For centuries, Norway has upheld its status as one of the most attractive tourist destinations in the world. Hikers have marvelled at its wild landscape and culture buffs have rejoiced in its rich history. In recent years, however, Norway has also become known for a more surprising reason: medical tourism.
Why is Norway establishing itself as a destination for foreign patients?
Shorter waiting times
NHS waiting times are currently at an all-time high, pushing some people to search for another place to receive treatment. ‘With […] an increasing number of clinical commissioning groups restricting access to surgery for certain groups of patients, it is not surprising that some people will look elsewhere for healthcare,’ says Scarlett McNally from the Royal College of Surgeons.
According to the International Medical Travel Journal (IMTJ), in 2012, NHS Lothian (a region in the Scottish Lowlands) patients were offered alternative measures at clinics in Norway, Spain or Belgium. This was because they were unable to provide a guarantee of treatment within 12 weeks.
Besides the growing urgency for treatment being experienced by its neighbours, Norway’s medical expertise provides a significant appeal. The country has a longstanding stake in scientific discovery and treatment of cancer. The Norwegian Radium Hospital in Norway’s capital, Oslo, conducts routine advanced medical trials in oncology, furthering the establishment’s reputation for innovation.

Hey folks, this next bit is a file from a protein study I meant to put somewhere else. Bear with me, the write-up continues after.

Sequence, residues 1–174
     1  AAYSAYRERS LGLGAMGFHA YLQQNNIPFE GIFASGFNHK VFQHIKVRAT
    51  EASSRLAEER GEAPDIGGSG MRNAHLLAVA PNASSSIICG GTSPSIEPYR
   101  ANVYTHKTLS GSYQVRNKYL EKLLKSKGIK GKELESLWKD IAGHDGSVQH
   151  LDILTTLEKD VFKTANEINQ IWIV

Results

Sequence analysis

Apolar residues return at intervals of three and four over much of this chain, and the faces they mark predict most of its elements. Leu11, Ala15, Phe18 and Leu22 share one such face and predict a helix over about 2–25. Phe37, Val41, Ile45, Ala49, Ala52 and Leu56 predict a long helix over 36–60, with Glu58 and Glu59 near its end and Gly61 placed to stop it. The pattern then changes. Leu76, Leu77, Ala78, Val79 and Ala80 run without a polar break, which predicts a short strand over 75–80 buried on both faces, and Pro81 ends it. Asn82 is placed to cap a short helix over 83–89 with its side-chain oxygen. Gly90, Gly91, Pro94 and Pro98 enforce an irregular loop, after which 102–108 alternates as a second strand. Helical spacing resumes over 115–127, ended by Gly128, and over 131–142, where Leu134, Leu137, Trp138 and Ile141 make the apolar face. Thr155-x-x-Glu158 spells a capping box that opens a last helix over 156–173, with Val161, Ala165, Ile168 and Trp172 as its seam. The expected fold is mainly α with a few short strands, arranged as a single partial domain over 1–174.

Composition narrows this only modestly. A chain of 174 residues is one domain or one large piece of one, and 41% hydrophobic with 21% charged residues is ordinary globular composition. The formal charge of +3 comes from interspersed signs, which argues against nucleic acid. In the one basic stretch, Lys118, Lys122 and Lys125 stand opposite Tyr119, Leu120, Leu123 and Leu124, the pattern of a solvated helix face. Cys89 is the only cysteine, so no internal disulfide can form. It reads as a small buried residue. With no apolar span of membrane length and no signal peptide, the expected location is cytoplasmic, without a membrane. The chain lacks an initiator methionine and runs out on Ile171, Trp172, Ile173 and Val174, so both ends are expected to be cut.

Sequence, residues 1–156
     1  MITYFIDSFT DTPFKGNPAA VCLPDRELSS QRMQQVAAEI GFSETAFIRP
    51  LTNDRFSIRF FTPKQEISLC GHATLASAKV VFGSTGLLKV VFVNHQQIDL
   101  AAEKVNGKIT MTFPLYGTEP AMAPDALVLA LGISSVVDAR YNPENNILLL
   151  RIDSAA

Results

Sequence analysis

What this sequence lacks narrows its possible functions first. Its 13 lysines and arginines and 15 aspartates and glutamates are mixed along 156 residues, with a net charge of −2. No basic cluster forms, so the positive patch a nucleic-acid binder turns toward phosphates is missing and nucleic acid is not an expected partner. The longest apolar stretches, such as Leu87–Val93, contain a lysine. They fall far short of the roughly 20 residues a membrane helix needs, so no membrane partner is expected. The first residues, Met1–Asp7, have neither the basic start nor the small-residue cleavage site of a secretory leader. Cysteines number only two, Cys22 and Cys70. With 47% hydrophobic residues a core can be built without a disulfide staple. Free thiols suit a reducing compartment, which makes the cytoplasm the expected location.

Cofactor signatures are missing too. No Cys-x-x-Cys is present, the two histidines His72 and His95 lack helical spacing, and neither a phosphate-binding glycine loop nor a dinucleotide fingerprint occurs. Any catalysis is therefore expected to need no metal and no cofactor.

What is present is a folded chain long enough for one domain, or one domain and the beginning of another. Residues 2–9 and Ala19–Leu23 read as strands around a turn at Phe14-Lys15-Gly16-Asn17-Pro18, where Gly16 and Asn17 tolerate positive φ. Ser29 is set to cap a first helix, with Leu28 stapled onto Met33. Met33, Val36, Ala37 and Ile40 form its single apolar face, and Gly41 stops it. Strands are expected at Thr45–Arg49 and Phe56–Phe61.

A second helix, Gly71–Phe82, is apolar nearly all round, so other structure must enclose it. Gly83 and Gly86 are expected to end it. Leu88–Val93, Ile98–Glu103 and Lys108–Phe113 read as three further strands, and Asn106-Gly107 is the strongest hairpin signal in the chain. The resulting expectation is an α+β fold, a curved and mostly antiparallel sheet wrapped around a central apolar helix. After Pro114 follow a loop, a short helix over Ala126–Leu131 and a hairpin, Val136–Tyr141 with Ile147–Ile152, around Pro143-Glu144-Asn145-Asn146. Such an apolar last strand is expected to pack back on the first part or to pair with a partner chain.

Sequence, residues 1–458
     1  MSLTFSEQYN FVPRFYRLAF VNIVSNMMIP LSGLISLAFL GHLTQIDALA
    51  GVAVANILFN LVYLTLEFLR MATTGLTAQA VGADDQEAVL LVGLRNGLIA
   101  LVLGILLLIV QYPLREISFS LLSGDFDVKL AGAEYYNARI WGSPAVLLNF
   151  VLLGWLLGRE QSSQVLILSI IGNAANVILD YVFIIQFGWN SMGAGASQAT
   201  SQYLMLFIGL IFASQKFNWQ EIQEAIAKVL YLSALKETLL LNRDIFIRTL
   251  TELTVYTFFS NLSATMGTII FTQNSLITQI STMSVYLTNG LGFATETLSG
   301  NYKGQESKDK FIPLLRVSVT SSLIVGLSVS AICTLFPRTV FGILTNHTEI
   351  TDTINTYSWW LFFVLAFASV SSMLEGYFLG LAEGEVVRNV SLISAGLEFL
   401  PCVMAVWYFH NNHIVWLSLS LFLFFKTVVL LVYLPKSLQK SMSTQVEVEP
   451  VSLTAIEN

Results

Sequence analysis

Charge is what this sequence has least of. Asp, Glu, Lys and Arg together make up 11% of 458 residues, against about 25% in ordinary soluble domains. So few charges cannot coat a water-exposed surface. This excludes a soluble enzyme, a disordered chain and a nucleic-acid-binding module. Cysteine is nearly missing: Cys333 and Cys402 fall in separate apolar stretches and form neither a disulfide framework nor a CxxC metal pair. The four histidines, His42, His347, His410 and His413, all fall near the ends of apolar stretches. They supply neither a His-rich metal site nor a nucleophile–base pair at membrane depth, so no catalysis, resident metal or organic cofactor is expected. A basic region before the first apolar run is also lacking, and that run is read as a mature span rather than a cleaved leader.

Also, Norway’s work in medical imaging has marked them as pioneers in the field. With English-speaking and EU-accredited medical staff, it’s no wonder Norway has become more appealing to overseas patients.
In most respects, Norway isn’t known for its affordability. However, increasing numbers of people are flocking to the country to receive medical treatments. Orthopaedic and eye surgery options are proving to be particularly cost-effective in comparison to other EU countries.
Additionally, private dental practices in Norway have become particularly attractive, with affordable packages luring clients in from further afield. These packages can involve tooth extraction, dental implants, root canal therapy, dentures and more. Meanwhile, British dental charges—both NHS and private—are some of the most costly in Europe.
What procedures are being carried out in Norway?
Imaging services such as CT scans, MRI scans, ultrasound, mammography and bone density measurements are utilised by foreign patients. These are used for diagnosis and intervention purposes. A number of Britons are also taking advantage of the cataract surgery facilities on offer in Norway due to increasingly lengthy waiting times on the NHS.